31 May 2010

Japanese Souffle Cheesecake

Of all the cakes I have ever baked, this is the one most often requested by my daughters, aged 3 and 5. They call it the 'Marshmallow Cheesecake', because of its pillowy soft look and texture. Although I must hasten to add that it tastes nothing like a marshmallow. A cheesecake marshmallow would be awesome but also beyond my skills to conjure up at the moment.

I followed a recipe from one of my favourite bloggers, Auntie Lily of the "Lily's 'Wai Sek Hong'", blog, who always makes me feel like I am receiving secret cooking tips and instructions from my late grandmother, who was also a great cook.

But anyway I digress. I've made this cake many many times, and have learnt that the key to achieving a light texture lies in beating the egg whites correctly. The water bath is also essential, so that the cake will have a beautiful, crack-free surface.

One of the important adjustments that I made to the basic recipe, was to add cream of tartar to the egg whites while they are being beaten. This is to ensure that you do not overbeat the egg whites, as once you do, your cheesecake will rise phenomenally in the oven only to suddenly shrink and contract at the last stage of baking to become a sunken and dense little cake.

Although this cheesecake looks similar, it is different in texture from the Japanese cheesecakes sold at the malls and supermarkets (like Miki Ojisan) which are drier and more like very soft chiffons. This souffle Japanese cheesecake (which is essentially a type of foam cake) is much more moist and tender. Properly baked, it should have a cottony soft and melt-in-your-mouth texture.

My 3 year old Sugababe loves to eat these plain, cramming it into her mouth in quick succession (they are so light!). I, on the other hand, like to have these with Fragola Frabbri strawberries (Italian, and the best!) and a generous spoonful of its shiny syrup drizzled on top.

Recipe for Japanese Souffle Cheesecake

(slightly adapted from Lily's
Wai Sek Hong)


8" round cake tin

Plain cream cheese 225g,
fresh cream 50ml,
milk 100ml,
butter 80g,

Cornflour 25g,

milk 30ml
lemon juice 1 tbsp

Egg white 150g (about 6 egg whites)
cornflour 10g,

sugar 100g
Egg yolks 138g, (about 8 egg yolks)

1/2 teaspoon cream of tartar

butter and plain flour (for buttering the mould, if not non-stick).


1. Melt A. over a pan of simmering water until the mixture liquefies (stir every 3 minutes), use spatula to stir the mixture well. Let cool to room temperature.

2. Mix B. until cornflour dissolves and pours into A, stir until well-combined. Add in beaten yolks and strain the mixture.

3. Preheat oven to 150°C/300°F. Line bottom of mould with baking parchment paper. Butter the sides of the mould and coat it with plain flour, remove excess flour. If using non-stick mould, you can skip this buttering and flouring step. If using loose bottomed cake tin, cover the outside of the tin with 2 layers of aluminium foil to ensure that water from the water bath does not seep in.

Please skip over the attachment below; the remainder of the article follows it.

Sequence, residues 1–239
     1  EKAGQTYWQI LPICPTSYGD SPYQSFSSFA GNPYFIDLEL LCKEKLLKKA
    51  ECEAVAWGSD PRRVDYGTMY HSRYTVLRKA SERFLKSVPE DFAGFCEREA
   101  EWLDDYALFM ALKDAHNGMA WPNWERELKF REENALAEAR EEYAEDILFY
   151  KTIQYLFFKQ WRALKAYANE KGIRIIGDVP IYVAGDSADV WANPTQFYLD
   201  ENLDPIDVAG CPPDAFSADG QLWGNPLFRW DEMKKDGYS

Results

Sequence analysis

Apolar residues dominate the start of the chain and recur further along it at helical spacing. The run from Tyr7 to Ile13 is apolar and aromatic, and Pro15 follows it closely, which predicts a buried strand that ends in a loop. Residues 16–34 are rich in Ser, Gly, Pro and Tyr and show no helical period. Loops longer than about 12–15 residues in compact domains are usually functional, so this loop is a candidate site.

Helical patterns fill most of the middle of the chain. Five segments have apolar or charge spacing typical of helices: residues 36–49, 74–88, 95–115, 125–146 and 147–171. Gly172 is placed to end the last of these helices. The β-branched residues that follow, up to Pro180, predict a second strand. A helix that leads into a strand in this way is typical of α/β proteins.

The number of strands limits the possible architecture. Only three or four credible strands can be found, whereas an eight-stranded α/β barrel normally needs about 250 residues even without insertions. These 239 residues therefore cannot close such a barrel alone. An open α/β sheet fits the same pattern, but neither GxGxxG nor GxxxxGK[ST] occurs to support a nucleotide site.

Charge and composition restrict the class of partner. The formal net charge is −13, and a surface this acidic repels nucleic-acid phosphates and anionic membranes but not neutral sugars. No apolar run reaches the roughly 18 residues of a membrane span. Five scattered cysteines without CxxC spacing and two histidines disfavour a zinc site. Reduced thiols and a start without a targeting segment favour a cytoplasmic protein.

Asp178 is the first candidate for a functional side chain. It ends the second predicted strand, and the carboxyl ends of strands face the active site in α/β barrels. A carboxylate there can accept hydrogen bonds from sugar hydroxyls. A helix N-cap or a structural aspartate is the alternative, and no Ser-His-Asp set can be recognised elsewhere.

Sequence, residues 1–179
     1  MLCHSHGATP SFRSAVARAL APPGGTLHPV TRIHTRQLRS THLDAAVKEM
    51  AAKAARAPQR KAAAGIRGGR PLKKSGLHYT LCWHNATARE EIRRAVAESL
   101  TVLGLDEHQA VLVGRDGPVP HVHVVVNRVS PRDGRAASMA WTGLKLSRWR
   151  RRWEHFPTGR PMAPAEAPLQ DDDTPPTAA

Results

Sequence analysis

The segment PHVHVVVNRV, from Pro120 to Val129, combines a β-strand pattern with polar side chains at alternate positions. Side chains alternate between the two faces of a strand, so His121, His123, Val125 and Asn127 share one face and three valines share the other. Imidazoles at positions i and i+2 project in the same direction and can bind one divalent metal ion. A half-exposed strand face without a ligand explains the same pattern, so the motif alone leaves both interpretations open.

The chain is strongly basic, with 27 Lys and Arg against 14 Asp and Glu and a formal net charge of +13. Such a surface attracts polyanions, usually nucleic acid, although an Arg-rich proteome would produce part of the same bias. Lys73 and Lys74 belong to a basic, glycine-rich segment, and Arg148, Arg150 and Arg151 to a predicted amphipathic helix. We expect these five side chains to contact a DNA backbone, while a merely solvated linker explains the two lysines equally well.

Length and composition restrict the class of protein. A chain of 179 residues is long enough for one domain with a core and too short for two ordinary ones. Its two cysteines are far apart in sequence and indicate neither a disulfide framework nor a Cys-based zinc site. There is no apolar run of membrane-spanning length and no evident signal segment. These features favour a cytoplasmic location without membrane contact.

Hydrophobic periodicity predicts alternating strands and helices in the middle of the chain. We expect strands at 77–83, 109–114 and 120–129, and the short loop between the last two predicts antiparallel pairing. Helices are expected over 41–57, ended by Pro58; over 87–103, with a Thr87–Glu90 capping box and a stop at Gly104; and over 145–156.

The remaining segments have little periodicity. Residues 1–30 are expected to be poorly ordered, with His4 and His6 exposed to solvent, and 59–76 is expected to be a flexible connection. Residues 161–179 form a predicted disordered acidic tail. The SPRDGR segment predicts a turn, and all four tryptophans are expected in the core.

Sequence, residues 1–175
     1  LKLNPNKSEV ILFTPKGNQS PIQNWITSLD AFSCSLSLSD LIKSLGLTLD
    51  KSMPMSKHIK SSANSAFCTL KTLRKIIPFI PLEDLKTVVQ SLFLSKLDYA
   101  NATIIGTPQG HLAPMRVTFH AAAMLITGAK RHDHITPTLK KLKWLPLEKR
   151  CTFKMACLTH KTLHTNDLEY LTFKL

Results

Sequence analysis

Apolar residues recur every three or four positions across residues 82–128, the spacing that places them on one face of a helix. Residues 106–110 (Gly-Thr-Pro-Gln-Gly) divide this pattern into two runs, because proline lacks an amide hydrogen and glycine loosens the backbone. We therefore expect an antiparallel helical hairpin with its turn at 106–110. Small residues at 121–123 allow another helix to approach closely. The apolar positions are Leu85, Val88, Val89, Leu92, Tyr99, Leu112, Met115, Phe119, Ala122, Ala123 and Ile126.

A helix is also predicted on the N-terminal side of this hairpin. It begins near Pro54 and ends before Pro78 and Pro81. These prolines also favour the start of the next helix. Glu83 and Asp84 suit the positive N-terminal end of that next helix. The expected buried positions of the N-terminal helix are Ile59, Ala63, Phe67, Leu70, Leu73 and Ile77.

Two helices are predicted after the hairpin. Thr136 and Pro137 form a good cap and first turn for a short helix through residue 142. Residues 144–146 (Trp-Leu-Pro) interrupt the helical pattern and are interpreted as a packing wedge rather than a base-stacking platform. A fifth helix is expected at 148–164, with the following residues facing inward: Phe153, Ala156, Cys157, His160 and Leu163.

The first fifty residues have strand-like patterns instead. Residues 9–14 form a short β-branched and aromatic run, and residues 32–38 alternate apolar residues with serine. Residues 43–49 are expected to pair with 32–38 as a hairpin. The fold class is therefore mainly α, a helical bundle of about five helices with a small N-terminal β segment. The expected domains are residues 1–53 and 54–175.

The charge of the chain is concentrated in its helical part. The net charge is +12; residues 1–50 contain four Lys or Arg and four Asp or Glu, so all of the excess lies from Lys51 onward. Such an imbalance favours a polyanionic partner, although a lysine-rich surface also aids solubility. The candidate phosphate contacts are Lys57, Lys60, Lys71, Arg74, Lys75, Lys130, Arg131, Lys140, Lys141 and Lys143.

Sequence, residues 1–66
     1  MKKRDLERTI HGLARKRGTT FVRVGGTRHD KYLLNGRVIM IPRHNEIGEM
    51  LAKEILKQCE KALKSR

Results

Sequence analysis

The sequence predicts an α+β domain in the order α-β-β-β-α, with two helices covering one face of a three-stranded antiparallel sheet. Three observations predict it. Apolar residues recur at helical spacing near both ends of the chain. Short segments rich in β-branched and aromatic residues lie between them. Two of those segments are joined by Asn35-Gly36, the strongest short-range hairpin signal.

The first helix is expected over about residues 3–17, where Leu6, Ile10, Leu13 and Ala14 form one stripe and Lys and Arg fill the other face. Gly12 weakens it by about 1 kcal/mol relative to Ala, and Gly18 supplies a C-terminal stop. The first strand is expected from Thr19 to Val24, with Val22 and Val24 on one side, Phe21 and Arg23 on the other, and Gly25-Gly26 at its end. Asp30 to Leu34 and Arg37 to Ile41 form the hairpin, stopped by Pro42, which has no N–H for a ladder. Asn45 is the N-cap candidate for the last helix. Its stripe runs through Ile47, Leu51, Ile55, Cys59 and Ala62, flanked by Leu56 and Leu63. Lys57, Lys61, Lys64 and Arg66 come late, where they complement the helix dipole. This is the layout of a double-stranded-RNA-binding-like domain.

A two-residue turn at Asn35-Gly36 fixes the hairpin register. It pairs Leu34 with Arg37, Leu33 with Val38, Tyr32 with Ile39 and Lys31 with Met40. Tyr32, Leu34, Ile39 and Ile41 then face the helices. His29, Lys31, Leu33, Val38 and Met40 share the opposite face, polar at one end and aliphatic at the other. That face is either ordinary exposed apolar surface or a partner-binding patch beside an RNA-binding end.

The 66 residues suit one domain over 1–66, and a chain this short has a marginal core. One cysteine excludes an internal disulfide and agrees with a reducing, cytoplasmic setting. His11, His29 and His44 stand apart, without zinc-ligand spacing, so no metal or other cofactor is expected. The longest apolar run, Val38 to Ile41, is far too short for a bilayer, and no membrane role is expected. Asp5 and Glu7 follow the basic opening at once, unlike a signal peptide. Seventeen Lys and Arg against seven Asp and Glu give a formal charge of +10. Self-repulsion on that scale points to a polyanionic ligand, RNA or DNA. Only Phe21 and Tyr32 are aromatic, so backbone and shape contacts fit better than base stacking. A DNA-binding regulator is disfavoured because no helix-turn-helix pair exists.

4. In a clean bowl (make sure it is completely free of oil and water), beat the egg whites till foamy and in 1/2 teaspoon cream of tartar. When soft peaks form, add in sugar and cornflour mixture slowly, one tablesppon at a time, and beat until stiff glossy peaks form.

5. Take 1/3 of the egg white and stir into the cream cheese mixture to loosen the batter. Pour the remaining egg whites into the batter and quickly but gently fold in the egg whites. Ensure that the egg whites are folded in completely and that the batter is uniform in colour. However, do not over fold or the air in the egg whites will escape.

6. Pour batter into cake tin. Sit the tin in a bigger mould or baking tray. Bake in a bain-marie (water-bath). Water must be boiling hot when poured into the baking tray or bigger mould. Water level should come up to ¾ of the height of the cake tin, at least half if you cannot manage ¾.

7. Put in oven and bake for about 25 minutes or when top is brown, reduce the heat to 125°C/260°F, continue to bake for another 1 hour or until a cake skewer comes out clean. (Mine took 1 hour 15 minutes). This cake doesn't dry easily, I would err on the side of a slightly longer rather than a shorter baking time. Let the cake cool in the cake tin and remove from tin when cooled and refrigerate (it’s ok to leave the cake in the tin and refrigerate)

27 May 2010

No-Bake Oreo Cheesecake with Boysenberry Jam

I had half a carton of whipping cream left in the fridge and a ton of cream cheese, and I didn't want too much trouble (I already spend waaaaay too much of my time baking, and besides, Michael Weston on Burn Notice was calling ...). So I decided to make a no-bake cheesecake. This has become my go-to lazy-ass dessert. In my world, cheesecakes fall into 3 broad categories - the fluffy Japanese-type cheesecake, the denser, baked (e.g. New York) cheesecake, and the no-bake, chilled cheesecake. My favourite is the New York cheesecake, but I have to admit that the sheer ease of making the no-bake variety is winning me over.